A student-operated publication at Santa Rosa Junior College.

The Oak Leaf

A student-operated publication at Santa Rosa Junior College.

The Oak Leaf

A student-operated publication at Santa Rosa Junior College.

The Oak Leaf

Finding purpose and peace on the Pacific Crest

Jacob Beal will wake early along the Mexican border and make his way to the Pacific Crest Trail, staring down 2,650 miles of wilderness linking the trailhead with its final destination at the Canadian border. Completing the trail will take roughly six months hiking 30- to-40-mile days while forgoing creature comforts like a consistent bed and home-cooked meals. But the Santa Rosa Junior College student will take one piece of home along the trek — his mother’s tenacious spirit.

Beal grew up on Park trail Drive in Santa Rosa and spent much of his childhood exploring the woods of Anna del State Park. He found peace in nature, a peace he needed at age 14 when his mother was diagnosed with Alzheimer’s.

“Nature is unadulterated truth,” Beal said. It was where he processed his mother’s disease.

Attempting the thru-hike was not a spontaneous decision; he’s been dreaming about it for years and preparing for months. Long-distance hiking permits became available Nov. 14 and Beal secured one of the only 35 issued per day. If he completes the trek, his name will be added to the Pacific Crest Trail Association’s 2,600-Miler List. It’s an accomplishment less than 7,000 have realized.

His name will also be added to the long list of Alzheimer’s Association supporters. Since securing his permit, Beal turned his trek into an awareness march of sorts, with all proceeds benefiting the organization.

Beal’s friends are impressed with his attempt.

“I don’t think most understand how extreme the disease is and how much ‘caregiver stress’ is put onto the family members,” Alyssa O’Gorman said. “It’s admirable that he is able to take what’s happening to his mom and be able to spread awareness about the effects of Alzheimer’s.”

Chip Vhite agrees.

“Jacob has brought me a much deeper awareness of how Alzheimer’s impacts the family members of the patient. [He has shared] very personal and emotionally vulnerable accounts of what it is like living and spending time with someone,” he said, “and watching them slip away, and how deeply and profoundly that affects the family members outside of what one sees in a caregiver setting.”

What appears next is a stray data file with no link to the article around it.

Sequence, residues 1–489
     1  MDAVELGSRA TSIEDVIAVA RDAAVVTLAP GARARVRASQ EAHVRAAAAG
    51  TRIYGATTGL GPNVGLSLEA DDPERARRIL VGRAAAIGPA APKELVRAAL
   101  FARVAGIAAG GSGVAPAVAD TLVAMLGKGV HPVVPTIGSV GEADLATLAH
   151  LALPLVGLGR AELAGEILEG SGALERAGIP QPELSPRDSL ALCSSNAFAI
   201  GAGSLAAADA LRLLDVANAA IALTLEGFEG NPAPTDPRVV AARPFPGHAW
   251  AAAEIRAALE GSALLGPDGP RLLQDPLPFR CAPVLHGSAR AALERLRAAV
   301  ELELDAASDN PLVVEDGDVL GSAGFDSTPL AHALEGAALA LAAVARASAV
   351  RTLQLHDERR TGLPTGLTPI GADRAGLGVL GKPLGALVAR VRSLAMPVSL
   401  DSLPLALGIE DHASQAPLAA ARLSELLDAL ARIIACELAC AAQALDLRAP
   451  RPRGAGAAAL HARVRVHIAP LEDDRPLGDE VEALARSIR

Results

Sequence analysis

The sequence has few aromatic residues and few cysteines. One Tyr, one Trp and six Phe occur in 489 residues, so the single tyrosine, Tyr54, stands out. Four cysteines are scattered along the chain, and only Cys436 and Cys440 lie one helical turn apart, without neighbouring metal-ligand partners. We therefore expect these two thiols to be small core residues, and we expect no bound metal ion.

Being his mother’s caregiver set Beal on a winding path that will end at the PCT trailhead.

After just one semester at SRJC, Beal dropped out to care for his mother, Becky, who had reached a state that Beal’s father no longer knew how to handle. Alzheimer’s became Beal’s life. He spent mornings as a caregiver for another Alzheimer’s patient and then returned home to care for his mother where he endured “traumatic hospital visits, attacks in the house and terrifying surreal visions that seemed like they couldn’t possibly be real.”

Beal’s experience caring for his mother prompted him to return to school. After years bearing witness to the fragility of a mind debilitated by Alzheimer’s, he chose to major in psychology. But his hands-on experience as a caregiver pushed him towards nursing. He planned to promote alternative medicine in conjunction with Western medicine and improve upon the inadequacies in care he witnessed while in search of a facility for his mother.

But nursing classes were too emotionally triggering, so Beal switched his major to architecture instead.

“I had a really hard time committing to a degree because I felt like a big conditional element of my life was waiting for my mom to die,” he said.

As the youngest of eight, Beal is largely dependent on his siblings for memories of his mother prior to her diagnosis. Stories of her youth allow him to understand the woman she once was.

Becky, it turned out, was unapologetic in the pursuit of herself. Although an extraordinarily talented pianist by the age of 9, she quit against her mother’s wishes. When everyone told her to sit still, look pretty and wait for a husband to provide for her, Becky pursued a master’s degree in business and communications. She made time for solo travel, perhaps recognizing the importance of balance after marrying and rearing eight children.

“My mom really had the mentality of ‘screw what anybody else influences you into doing and just do whatever the hell you want to do,’” he said.

This mentality helped Beal make an important realization: “My mom doesn’t want me to put my life on hold for her sake.”

For a third time, Beal changed his major to natural sciences and will graduate from SRJC in December 2018. Then, four months later, he’ll rise early and take to the trail.

“I just want to live as fully as I can,” he said. “I’ve been working really hard at taking risks, especially being a man and having it be very cursed to be vulnerable. That’s been a big mission of mine — to really allow myself to be as vulnerable as I can with myself, with the people around me and my emotions, and with my passions and desires.”

Follow Beal on his journey at:


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About the Contributor
Adeira Sherpa
Adeira Sherpa, Co-Photo Editor
Adeira Sherpa is grammatically challenged and often disorganized. She was accidentally appointed co-photo editor but refuses to give up the title.   Adeira is a walking contradiction. She hates driving but chose a job 30 minutes from home and a college that requires an hour in her car each way (she also claims to want to be environmentally friendly but doesn’t drive a hybrid). She says she wants to travel but goes to school less than 20 miles from where she was born. She doesn’t quite fit in the “white” category or the Nepalese, because she doesn’t look like either. Her search for direction brought her to The Oak Leaf, but now she’s more confused than ever.

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